Friday, 27 April, 2018

Jawbone Fossil found in 2016 belongs to Giant ichthyosaur

The jaw bone has been identified as that of a giant ichthyosaur up to 26m long The jaw bone has been identified as that of a giant ichthyosaur up to 26m long
Theresa Hayes | 11 April, 2018, 01:44

The fossil remains of ichthyosaurs suggest that they lived throughout the Mesozoic era, 251 million years ago and up to 65 million years ago.

They discovered many similarities and concluded that the fossilized maxillary bones found on Lilstock Beach belonged to big Ichthyosaur, very similar to a Shastasaurid Shonisaurus. These marine reptiles, with bodies similar to tuna or mackerel, are touted one of the fastest fish in the ocean, according to scholars at UC Berkeley.

Artist rendering of the ichthyosaur Shonisaurus in life and its skeletal reconstruction.

"This bone belonged to a giant", said University of Manchester paleontologist Dean Lomax.

Meanwhile, a separate study out today in PLOS One tells a much bigger ichthyosaur story: A partial jawbone from the other side of England - specifically the Somerset coast, in the southwest - appears to be evidence of one of the largest animals ever to grace Earth with its presence.

Judging from the size of the shastasaurid's jawbone, researchers estimate the animal must have been more than 85 feet (26 meters) long, which would make it the largest ichthyosaur on record - up to 25 percent larger than the previous record holder, Shonisaurus sikanniensis, a 69-foot-long (21 m) individual previously discovered in British Columbia.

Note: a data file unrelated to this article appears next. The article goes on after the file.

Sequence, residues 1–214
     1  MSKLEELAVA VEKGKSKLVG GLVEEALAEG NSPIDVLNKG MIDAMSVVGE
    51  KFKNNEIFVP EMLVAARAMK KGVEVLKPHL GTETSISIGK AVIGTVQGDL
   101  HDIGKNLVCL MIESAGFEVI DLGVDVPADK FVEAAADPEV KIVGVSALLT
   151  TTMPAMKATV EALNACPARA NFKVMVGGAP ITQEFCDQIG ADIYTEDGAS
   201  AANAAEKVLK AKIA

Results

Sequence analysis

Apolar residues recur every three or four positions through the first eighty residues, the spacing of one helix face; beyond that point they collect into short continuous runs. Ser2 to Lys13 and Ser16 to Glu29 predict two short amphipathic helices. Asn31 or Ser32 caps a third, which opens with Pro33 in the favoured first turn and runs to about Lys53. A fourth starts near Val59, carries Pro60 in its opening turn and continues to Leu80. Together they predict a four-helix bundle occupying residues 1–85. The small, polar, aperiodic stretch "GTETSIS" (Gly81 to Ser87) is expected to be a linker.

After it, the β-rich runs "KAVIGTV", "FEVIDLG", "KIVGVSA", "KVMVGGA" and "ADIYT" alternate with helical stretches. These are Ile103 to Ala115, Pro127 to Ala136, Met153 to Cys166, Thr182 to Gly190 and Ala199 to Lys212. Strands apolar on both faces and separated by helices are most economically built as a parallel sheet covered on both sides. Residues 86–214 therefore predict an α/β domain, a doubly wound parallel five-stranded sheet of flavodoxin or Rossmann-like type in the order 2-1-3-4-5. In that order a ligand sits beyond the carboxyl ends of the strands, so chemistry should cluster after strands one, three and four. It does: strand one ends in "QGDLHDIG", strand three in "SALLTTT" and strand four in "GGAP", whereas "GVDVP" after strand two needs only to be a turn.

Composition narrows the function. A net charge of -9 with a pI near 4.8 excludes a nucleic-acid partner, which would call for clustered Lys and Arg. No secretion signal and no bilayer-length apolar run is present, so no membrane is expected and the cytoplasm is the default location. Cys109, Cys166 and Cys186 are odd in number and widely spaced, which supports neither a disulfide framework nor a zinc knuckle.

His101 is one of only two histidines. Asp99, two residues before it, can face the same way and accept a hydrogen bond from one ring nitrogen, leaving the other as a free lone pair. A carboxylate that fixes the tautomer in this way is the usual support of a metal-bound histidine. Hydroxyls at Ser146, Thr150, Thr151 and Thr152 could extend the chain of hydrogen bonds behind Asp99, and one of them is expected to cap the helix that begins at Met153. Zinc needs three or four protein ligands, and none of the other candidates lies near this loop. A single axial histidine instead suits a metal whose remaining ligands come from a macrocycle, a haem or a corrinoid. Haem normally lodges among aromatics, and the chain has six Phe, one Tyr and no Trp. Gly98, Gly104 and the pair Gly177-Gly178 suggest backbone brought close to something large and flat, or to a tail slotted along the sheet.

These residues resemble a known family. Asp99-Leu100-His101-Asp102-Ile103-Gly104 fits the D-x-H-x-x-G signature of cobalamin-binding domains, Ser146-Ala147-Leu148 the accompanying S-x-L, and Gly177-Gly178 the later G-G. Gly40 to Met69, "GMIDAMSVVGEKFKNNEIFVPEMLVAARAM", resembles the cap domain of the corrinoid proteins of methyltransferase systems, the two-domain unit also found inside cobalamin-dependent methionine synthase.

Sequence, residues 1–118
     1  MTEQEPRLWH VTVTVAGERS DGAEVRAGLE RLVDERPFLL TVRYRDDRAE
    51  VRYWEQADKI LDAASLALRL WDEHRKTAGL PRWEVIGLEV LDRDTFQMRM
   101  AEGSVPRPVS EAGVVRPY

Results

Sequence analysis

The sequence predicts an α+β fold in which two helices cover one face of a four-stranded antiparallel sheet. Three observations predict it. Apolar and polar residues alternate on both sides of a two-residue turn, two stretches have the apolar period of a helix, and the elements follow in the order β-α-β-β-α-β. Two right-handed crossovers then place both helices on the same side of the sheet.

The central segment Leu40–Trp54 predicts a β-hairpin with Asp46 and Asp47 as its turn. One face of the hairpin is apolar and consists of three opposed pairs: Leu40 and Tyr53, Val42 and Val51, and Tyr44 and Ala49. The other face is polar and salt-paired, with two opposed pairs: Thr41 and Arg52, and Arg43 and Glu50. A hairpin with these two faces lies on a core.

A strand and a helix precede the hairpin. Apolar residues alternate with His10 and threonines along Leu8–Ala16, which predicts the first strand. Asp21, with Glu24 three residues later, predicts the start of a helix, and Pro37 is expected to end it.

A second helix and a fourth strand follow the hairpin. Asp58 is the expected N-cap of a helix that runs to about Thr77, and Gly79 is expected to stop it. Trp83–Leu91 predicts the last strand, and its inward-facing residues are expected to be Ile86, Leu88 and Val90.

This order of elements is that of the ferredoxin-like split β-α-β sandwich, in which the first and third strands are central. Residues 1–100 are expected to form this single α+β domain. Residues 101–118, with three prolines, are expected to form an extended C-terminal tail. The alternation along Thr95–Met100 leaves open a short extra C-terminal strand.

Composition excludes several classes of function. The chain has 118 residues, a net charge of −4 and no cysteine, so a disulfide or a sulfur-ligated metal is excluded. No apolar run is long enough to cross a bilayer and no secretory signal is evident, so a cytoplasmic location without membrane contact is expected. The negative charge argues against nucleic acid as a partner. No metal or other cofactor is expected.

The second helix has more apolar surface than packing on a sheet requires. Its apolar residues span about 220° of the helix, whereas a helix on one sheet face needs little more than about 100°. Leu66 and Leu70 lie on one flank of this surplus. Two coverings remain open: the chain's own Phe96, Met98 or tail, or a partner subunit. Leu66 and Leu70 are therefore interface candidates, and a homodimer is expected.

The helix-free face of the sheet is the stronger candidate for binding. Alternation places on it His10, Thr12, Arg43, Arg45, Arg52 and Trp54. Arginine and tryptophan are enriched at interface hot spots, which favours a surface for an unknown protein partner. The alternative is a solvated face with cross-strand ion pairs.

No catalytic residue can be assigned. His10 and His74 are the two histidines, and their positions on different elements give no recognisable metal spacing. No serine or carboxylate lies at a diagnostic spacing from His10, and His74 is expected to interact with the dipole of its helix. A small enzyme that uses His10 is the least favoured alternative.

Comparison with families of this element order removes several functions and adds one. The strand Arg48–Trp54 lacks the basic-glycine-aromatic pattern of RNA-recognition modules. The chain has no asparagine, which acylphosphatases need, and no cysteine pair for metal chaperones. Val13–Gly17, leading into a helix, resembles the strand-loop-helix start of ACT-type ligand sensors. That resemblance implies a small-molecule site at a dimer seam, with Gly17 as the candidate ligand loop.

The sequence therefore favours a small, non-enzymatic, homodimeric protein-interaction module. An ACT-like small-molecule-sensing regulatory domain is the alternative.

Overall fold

Paul de la Salle, a fossil collector and co-author of the study, found the bone on the beach at Lilstock, Somerset, in May 2016. They also can't determine how big this big guy was, but the jawbone appears to be about 25 percent larger than that of Shonisaurus...if its jaw-to-body proportions are the same, it could be 25 meters (about 82 feet) long, putting it in the same category as the blue whale, now the largest animal on the planet.

In 1850, a large bone was found at Aust Cliff below the Severn Bridge in Gloucestershire.

De la Salle said that initially the bone just looked like a piece of rock, but when he recognized a groove and bone structure he thought it might be part of a jaw from an ichthyosaur.

This is a jaw bone called a surangular of a giant ichthyosaur found in England.

It's very hard to accurately estimate the animal's size because we only have a large piece of its jaw. Four other similarly incomplete bones were also discovered and described, two of which are now missing and presumed destroyed.

"Of course, such estimates are not entirely realistic because of differences between species", Lomax said in a statement.

Massare of SUNY at Brockport explained the process through which they determined the size of the animal from the bone fragments they found.

Scientists have been unable to work-out whether the fossil and several other large bones found at the site came from a dinosaur or from a mystery reptile. But this kind of simple scaling is a common way of estimating size in palaeontology, especially when there aren't many samples to compare.

Lomax of the University of Manchester explained how challenging it was to come up with an estimate of the size of the creature due to the incomplete specimen.